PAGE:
A Short History of Science to the Nineteenth Century

A Short History of Science to the Nineteenth Century

A Short History of Science to the Nineteenth Century

A Short History of Science to the Nineteenth Century

Excerpt

'What is meant by science?' is the question that will naturally be asked on opening this book. Yet this question, if answered at all, can hardly be answered at the outset. In a sense the book is itself an answer.

Science is often conceived as a body of knowledge. Reflection, however, will lead to the conclusion that this cannot be its true nature. History has repeatedly shown that a body of scientific knowledge that ceases to develop soon ceases to be science at all. The science of one age has often become the nonsense of the next. Consider, for example, astrology; or, again, the idea that certain numbers are lucky or unlucky. With their history unknown, who would see in these superstitions the remnants of far-reaching scientific docttines that once attracted clear-thinking minds seeking rational explanations of the working of the world? Yet such, in fact, is their origin. So, too, we smile at the explanation of fossils as the early and clumsier attempts of an All-powerful Creator to produce the more perfect beings that we know ourselves to be. Yet such conceptions were legitimate stages in the development of modern geological theory, just as the scientific views of our own time are but stages in an agelong process that is leading to wider and more comprehensive conceptions of the nature of our world.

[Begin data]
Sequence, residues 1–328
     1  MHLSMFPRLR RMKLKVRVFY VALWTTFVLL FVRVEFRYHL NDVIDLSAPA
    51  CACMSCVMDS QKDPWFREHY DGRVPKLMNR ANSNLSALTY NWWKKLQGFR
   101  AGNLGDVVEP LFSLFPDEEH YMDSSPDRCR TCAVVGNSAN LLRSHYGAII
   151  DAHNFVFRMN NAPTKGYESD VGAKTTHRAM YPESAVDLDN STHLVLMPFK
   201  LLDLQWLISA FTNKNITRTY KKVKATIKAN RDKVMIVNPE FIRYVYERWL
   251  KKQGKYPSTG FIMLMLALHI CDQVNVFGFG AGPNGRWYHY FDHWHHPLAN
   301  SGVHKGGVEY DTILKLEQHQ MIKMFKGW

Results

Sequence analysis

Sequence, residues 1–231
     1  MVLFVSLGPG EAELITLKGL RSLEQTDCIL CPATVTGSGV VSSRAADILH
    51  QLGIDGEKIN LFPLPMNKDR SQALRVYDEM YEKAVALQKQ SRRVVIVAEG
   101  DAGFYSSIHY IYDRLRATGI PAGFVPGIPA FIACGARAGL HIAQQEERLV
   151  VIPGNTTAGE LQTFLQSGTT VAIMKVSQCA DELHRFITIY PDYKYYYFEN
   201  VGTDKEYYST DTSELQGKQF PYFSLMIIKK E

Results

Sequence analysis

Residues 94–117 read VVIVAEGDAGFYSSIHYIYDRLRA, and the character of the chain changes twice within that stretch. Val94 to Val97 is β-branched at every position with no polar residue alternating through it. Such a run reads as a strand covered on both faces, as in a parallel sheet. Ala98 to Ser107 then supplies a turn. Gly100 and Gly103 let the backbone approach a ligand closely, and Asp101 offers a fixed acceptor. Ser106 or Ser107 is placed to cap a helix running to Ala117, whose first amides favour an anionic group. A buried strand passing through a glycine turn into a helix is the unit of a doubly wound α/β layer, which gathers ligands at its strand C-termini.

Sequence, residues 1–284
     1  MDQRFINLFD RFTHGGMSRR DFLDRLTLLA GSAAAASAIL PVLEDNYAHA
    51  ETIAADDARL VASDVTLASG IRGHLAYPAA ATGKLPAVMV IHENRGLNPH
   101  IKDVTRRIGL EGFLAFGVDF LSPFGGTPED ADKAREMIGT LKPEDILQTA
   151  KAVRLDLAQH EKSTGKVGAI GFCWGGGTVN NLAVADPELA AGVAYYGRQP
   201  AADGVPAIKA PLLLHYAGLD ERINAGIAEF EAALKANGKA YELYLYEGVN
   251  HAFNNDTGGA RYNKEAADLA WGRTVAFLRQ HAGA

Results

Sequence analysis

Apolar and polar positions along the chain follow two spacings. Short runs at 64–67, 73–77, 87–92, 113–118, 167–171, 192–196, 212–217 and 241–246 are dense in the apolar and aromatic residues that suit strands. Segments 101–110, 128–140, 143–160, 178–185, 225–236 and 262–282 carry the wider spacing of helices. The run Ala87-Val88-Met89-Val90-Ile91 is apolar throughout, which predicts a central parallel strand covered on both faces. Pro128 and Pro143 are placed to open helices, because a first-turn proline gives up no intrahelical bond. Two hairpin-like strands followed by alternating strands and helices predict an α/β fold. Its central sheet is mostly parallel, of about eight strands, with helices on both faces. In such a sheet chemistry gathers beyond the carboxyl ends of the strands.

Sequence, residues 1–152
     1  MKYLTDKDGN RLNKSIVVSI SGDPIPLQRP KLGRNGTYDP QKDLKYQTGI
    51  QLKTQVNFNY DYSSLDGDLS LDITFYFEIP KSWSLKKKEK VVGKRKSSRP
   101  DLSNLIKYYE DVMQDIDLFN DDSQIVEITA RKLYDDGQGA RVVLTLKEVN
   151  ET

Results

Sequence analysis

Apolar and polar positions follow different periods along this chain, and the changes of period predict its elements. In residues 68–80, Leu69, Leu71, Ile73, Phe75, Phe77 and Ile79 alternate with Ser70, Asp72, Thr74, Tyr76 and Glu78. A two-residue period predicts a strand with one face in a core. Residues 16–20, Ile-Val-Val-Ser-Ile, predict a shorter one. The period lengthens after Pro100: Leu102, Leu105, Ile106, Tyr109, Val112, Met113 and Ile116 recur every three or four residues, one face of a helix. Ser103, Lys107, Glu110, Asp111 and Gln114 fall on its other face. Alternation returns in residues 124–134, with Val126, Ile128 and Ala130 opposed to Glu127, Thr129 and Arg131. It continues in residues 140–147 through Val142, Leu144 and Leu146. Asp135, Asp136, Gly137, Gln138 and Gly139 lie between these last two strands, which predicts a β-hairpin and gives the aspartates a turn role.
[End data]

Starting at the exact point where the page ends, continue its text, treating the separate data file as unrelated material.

It therefore behoves the historian of science to be very charitable, very forbearing, very humble, in his judgements and presentations of those who have gone before him. He needs to remember that he is dealing with the work of erring and imperfect human beings, each of whom had, like himself, at best but a partial view of truth, but many of whom had a sweep of genius far beyond his own.

There is an unquenchable and irresistible thirst of the soul that demands an explanation of the world in which it finds itself. One expression of that eternal yearning is the formulation of religious . . .

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